Youngsters represent country on luge

For the first time, New Zealand is being represented at the natural track luge world championships, being raced this week in Deutschnofen, northern Italy.

While most New Zealanders enjoy a warm summer holiday, Josh Fogo, of Naseby, and Jack Leslie, of Christchurch, (both 15) are spending four weeks training and competing in snow and ice in Italy and Austria.

Their trip was instigated by world champion luger Patrick Pigneter, of Italy, who spent a month coaching luge at Naseby last winter. While there he met the teenagers, both of whom have trained on the Naseby track for several years.

''So far, our training and racing has been about improving on the skills and knowledge that we already developed on the Naseby track. The tracks are twice as long as Naseby, much steeper and much faster, but we are starting to feel comfortable with what we are doing,'' Jack said in a statement.

The pair competed in their first World Cup race at Moos, in Passeier, northern Italy, over the second weekend of January.

New Zealand Olympic Luge Association president Geoff Balme said a total of 35 lugers raced that weekend, for the World Cup and the Nations Cup. The two New Zealanders raced in the Nations Cup race, with Jack Leslie missing out on qualifying for the World Cup race by just a single placing. Jack came in 32nd while Josh placed 34th.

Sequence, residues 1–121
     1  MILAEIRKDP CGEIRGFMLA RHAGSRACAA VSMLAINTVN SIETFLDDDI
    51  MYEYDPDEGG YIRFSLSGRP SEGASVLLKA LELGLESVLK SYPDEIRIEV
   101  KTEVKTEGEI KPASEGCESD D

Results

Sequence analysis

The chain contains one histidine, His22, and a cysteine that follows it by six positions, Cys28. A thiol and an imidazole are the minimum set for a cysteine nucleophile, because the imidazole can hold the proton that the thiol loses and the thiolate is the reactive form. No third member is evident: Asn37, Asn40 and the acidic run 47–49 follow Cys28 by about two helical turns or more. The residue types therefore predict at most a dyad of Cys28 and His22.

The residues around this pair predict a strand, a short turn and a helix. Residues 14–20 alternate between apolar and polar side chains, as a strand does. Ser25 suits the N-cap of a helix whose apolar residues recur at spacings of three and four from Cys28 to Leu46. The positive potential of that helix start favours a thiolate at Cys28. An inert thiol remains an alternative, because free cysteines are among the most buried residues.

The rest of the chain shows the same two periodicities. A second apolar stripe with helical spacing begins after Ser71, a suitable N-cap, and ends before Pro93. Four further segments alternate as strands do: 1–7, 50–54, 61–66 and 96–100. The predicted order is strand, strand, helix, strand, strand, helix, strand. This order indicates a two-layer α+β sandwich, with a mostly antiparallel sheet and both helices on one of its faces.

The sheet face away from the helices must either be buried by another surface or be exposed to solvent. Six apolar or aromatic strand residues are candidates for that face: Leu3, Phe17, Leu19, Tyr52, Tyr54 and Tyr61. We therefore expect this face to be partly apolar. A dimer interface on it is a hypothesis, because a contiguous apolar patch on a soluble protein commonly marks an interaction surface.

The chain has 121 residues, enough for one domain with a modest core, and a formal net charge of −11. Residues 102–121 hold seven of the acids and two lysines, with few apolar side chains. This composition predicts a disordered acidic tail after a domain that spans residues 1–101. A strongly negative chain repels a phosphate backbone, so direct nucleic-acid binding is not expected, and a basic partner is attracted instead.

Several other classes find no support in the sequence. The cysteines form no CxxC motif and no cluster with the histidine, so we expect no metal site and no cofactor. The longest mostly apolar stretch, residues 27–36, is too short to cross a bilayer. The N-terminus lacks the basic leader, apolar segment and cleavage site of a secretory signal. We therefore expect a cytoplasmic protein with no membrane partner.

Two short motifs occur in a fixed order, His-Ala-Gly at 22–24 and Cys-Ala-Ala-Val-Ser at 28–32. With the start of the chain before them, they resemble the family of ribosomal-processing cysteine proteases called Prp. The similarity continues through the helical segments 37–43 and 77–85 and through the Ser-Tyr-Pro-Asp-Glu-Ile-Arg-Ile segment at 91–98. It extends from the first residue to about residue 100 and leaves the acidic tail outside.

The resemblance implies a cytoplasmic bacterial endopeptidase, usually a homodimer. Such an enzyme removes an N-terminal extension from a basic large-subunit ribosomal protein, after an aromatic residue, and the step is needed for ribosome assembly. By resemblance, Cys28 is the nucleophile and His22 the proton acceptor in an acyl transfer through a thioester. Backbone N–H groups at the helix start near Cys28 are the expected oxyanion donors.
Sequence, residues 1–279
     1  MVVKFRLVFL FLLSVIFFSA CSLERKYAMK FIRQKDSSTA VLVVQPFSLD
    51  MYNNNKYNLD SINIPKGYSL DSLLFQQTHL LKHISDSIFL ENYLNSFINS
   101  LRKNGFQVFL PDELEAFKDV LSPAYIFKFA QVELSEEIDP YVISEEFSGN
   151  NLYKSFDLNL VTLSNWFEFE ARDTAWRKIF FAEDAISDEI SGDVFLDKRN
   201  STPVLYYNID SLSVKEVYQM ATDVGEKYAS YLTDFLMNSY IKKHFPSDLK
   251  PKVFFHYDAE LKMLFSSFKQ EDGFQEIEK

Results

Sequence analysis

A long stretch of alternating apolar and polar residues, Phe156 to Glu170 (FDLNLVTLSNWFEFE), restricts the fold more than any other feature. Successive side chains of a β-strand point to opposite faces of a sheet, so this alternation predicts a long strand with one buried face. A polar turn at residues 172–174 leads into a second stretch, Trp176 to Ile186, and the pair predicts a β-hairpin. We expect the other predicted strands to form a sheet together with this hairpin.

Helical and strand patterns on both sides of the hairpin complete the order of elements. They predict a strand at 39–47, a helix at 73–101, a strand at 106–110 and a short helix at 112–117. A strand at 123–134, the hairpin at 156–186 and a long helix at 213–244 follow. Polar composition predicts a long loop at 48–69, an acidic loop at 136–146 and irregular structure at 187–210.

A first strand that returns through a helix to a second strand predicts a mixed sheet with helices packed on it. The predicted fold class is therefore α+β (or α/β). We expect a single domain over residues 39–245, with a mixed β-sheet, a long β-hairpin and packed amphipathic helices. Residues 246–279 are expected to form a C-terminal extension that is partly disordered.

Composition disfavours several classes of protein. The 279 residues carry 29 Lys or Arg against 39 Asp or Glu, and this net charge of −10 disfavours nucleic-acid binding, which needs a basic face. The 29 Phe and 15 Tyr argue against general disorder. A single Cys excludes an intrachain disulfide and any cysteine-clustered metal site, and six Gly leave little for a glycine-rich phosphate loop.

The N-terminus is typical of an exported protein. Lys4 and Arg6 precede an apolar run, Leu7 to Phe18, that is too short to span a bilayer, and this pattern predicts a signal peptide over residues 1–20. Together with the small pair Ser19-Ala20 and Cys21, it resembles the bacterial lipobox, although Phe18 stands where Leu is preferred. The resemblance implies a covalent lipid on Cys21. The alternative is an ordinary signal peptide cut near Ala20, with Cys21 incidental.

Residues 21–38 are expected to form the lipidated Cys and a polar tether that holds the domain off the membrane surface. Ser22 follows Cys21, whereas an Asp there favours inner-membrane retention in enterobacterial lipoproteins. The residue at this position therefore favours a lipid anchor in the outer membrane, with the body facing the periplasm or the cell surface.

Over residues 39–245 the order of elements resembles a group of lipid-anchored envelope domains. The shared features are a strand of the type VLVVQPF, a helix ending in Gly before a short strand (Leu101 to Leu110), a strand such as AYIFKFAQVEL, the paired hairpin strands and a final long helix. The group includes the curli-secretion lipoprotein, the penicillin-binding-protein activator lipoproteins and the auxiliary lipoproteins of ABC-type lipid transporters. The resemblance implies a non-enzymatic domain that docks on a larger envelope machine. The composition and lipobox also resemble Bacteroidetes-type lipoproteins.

Mr Balme said the boys would compete this weekend at the natural track luge world championship and again next weekend in another World Cup or Nations Cup race.

He said Mr Pigneter had chosen the teenagers for the ability they displayed at Naseby, though they were not necessarily the fastest guys on the track, which he said had proved to be a good decision.

''Our track [Naseby] is primarily natural luge but it's not too technical so bigger people tend to go faster, so Jack and Josh don't tend to place often ... Patrick, though, thought technically they were the best.''

Josh, a John McGlashan College pupil, said in a statement this week that although the language barrier was a bit of a problem, they were still making friends.

''We have been made very welcome and while we are among the youngest athletes competing, the other athletes and coaches have been very helpful. Not being able to speak German is a bit of a problem but we are making lots of friends regardless.''